The search engine giant was initially formed out of Menlo Park, California in 1998. What may surprise you to hear is that the company was initially known as BackRub, which was a reference to their ability to perform backlink analysis at scale. After receiving positive feedback, the company expanded its abilities and so Google (a reference to the number googol, the number represented by a ‘1’ followed by one hundred zeroes) was born, providing mass quantities of information to its users. And this was the beginning of Google becoming the most popular home page on the internet.
How Has Google Cemented Itself
As The Go-to Search Engine?
Curious to know what Google’s market share as of this writing? 92.86% (according to this source).
So how are they doing it? This one is relatively simple. Because Google consistently provides the best results for its users and doing so with lightning quick load times.
Google has proven to be flexible in adapting to meet its users’ feedback and expectations, opting for less and less advertisements, instead favoring rich snippets and related search queries aimed at reducing the already miniscule time it takes to find your answer.
Their initial foundation of BackRub contains a very intuitive ranking process. If you think about the three pillars of search engine optimization, authority, relevance and trust then the thought that the sites that have the most references to them from other relevant sources, ought to be ranked higher and viewed more by those searching for applicable search queries.
Where is Google Heading Beyond 2019?
Let’s look at the products they’ve rolled out in recent memory:
- Google Maps (2005)
- YouTube (2005 – but owned yet by Google)
- Google Earth (2005)
- Google Calendar (2006)
- Google Finance (2006)
- Google Streetview (2007)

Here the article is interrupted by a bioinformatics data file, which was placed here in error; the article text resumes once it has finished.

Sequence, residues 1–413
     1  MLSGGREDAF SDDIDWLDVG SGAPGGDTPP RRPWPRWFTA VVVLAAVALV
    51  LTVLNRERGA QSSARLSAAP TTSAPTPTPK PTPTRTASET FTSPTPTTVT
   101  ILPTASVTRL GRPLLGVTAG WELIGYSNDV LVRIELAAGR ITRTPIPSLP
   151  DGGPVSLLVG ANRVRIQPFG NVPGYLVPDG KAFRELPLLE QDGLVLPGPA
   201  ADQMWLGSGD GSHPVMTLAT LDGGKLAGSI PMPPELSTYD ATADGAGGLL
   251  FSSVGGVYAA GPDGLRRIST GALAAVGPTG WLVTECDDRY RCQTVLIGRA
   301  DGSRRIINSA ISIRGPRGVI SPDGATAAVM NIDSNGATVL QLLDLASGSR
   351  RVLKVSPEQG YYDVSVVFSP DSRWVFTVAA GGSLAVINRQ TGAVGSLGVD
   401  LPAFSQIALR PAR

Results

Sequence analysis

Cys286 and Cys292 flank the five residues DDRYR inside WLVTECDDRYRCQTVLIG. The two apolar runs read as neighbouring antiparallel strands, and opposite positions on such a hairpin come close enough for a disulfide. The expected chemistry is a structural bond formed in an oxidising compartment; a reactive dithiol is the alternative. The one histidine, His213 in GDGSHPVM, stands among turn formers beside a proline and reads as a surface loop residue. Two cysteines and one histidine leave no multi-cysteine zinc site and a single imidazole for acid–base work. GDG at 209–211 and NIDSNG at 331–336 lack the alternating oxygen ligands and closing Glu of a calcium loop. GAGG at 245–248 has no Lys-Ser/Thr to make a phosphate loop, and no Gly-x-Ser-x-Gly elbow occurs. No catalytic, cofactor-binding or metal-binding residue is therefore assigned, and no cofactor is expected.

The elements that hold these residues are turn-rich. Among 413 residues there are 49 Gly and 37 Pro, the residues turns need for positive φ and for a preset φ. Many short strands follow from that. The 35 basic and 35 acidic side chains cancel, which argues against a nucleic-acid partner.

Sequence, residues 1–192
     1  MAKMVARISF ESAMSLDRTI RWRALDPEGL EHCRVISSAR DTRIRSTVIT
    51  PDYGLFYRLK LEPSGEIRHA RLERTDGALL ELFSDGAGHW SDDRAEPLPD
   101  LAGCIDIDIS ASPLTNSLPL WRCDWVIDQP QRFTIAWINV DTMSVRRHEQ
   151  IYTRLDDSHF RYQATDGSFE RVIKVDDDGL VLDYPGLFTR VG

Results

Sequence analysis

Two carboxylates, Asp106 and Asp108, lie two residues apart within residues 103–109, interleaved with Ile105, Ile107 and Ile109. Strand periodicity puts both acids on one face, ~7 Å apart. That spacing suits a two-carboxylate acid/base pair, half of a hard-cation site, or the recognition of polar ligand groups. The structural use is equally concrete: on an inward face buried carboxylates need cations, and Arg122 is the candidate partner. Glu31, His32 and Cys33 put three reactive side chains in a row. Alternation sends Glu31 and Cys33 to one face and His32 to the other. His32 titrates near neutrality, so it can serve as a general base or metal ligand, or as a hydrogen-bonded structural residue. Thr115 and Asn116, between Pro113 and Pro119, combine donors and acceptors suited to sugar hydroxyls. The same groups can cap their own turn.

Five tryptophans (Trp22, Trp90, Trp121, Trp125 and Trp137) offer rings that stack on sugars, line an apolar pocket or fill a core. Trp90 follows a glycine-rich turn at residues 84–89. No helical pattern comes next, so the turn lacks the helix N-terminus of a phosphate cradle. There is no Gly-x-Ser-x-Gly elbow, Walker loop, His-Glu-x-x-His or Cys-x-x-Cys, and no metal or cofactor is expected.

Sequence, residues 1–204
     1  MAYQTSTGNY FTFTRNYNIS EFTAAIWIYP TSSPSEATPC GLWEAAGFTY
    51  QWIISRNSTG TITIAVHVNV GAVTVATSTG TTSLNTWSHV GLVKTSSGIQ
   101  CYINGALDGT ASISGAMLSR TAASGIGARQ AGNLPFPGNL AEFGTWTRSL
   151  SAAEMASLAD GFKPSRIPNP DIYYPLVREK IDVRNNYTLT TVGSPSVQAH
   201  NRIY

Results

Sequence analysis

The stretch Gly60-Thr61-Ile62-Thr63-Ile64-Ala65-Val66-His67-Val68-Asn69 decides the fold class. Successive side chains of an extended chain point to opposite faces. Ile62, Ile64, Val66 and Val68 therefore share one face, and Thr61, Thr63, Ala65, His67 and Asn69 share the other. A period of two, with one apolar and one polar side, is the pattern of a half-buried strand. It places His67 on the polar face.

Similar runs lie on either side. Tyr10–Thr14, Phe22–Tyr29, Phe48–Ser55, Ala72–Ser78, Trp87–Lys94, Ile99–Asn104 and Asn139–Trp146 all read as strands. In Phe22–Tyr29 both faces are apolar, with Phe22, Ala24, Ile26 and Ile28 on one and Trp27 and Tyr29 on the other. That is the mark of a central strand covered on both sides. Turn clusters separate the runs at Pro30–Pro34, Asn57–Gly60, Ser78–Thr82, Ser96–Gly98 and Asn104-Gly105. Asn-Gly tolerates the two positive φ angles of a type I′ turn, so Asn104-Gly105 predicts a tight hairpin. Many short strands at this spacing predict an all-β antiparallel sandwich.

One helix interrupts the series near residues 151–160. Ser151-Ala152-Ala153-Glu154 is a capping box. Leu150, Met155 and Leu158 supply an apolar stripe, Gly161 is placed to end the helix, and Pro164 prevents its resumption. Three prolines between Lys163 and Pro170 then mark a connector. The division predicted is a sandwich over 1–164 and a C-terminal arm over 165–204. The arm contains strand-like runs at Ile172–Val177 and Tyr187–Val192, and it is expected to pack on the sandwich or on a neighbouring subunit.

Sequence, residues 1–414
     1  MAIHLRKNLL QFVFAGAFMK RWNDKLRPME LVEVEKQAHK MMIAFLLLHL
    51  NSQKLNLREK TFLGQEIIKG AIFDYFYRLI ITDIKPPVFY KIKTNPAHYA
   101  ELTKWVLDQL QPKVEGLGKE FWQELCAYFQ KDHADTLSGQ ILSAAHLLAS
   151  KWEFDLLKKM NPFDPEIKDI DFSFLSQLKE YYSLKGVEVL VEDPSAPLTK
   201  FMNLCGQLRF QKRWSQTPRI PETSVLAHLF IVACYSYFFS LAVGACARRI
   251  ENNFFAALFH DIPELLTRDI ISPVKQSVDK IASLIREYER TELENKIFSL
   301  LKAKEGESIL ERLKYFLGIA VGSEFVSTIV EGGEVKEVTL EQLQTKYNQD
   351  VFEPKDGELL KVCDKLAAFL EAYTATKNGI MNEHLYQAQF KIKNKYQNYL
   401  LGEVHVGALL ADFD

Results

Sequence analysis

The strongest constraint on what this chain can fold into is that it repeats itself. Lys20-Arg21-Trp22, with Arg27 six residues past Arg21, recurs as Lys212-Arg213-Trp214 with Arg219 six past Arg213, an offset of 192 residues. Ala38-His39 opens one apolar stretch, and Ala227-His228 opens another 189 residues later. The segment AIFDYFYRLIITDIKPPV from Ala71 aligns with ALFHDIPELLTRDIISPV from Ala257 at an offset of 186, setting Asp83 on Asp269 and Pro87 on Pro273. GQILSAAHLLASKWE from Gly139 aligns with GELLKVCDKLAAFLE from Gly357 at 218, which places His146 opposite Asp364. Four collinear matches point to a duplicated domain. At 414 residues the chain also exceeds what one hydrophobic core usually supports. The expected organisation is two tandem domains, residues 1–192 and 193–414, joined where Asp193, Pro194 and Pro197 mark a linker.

- Google Android (2007)
- Google Chrome (2008)
- Google Voice (2009)
- Google Labs (in 2012)
Google is continuously updating its algorithm to meet its mission to organize the world’s information and make it universally accessible and useful. What changes do we foresee in the future to meet this goal?
First, a continued trend of limiting the actual clickthrough’s to websites in search results. As mentioned previously, Google has included more knowledge panels, rich snippets and more to answer searchers queries immediately. We believe this trend will continue to the point where it will no longer be a priority to rank highly on Google, but instead earning the coveted snippet position.
Additionally, Google has directed more attention and content to protecting its users’ privacy so be on the lookout for more features that continue down that path.
Finally, with the prominence of smart-home devices like Alexa and Google Home, those who work in the search engine optimization industry are still trying to navigate how best to rank well for voice search. While informational searches such as, “Alexa, where is the nearest laundromat?” are relatively straight forward, we are still in process of figuring out how to optimize for voice searches that are transactional (I.e. “Alexa, buy me a new laptop”).
What do you think? Is Google here to stay? How might it be changing in the near future?